Materials FLOOR*

Heavy VCT, SV, CT, QT

Medium CPT/Level loop, VCT

Light CPT/Level loop CPT/Cut pile, VCT VB, RB, WD VWC Type I, AWC, HDFWC, FWC WD, PL ACT, GB Fluorescent Incandescent Vertical blinds Mini blinds Lined draperies Commercial grade with some residential grade pieces Leather, fabric rated 20,000 + double rubs



VB, RB, WD VWC Type II, AWC, HDFWC MP ACT, GB Fluorescent Incandescent Vertical blinds Mini blinds Lined draperies Commercial grade


MP ACT, GB, WRG, EXP Fluorescent HID Vertical blinds Mini blinds



Commercial grade


Vinyl, breathable mesh

Vinyl, fabric rated 50,000 + double rubs

Table G: Medical Product Selection Guide.
Special materials are available for health care use such as antimicrobial flooring and carpet, cubicle curtains, and vinylized fabric. ** See Appendix for abbreviations legend *** Including Handrail, Protective Trim etc *


Educational facilities include grade and high schools for dependent children, specialized training facilities (such as simulators), professional and technical classrooms, and centers for college extension program. Heavy-use areas in educational facilities include entrances foyers, snack bar and cafeteria service areas, rest rooms, fitness areas, simulator rooms and technical classrooms. Administrative offices, conference and briefing rooms, most other classrooms, and corridors would fall in the medium-use category. Principals’ offices and commanders’ suites would be light-use. See Table H below.*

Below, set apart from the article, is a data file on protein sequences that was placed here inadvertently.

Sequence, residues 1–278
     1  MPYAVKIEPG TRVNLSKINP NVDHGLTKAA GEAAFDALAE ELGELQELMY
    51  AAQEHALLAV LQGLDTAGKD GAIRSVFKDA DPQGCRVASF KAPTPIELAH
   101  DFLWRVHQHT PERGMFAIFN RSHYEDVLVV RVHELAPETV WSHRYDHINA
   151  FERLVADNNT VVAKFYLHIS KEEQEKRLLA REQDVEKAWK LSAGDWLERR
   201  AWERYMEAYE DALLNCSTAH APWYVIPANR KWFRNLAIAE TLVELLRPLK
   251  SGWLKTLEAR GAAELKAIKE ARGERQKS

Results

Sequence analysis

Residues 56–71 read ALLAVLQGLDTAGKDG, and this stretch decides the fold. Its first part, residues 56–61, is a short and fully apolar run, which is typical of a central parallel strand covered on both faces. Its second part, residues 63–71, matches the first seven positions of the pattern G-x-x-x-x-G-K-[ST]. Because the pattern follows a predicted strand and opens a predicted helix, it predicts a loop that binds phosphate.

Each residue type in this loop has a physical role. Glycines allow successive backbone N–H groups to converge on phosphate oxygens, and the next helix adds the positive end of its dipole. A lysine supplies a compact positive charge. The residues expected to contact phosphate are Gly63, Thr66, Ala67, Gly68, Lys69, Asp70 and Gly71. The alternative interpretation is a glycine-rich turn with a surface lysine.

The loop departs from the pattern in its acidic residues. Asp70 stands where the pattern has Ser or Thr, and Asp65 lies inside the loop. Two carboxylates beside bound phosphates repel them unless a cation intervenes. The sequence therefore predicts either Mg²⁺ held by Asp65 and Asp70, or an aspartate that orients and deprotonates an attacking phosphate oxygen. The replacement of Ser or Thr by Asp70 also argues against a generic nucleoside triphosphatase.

Materials FLOOR

Heavy CT, QT, VCT, SV

Medium CPT/Level loop

Light CPT/Level loop CPT/Cut pile RB, VB, WB PT, VWC Type II


CT, QT, RB, VB EXP, VWC Type II, EPT, PT MP EXP, ACT Fluorescent Fluorescent HID Vertical blinds Mini blinds




MP, WD ACT,GB Fluorescent Incandescent Vertical blinds Mini blinds Lined draperies Commercial grade Vinyl, MP, WD fabric rated 25,000 + double rubs

Incandescent Vertical blinds Mini blinds Lined draperies Commercial grade Vinyl, MP, WD fabric rated 25,000 + double rubs



Commercial grade Vinyl, MP

Table H: Educational Product Selection Guide.
* See Appendix for abbreviations legend.



Heavy patterned carpet in high-traffic areas helps to hide soiling.



Some facilities have elements or features that require special attention. This section provides some design suggestions that may help the designer address special conditions or achieve special effects.

Maximize the flexibility of conference rooms through the use of adjustable lighting, multipurpose seating, creative ceiling finishes, acoustical wall treatment, and multimedia presentation system.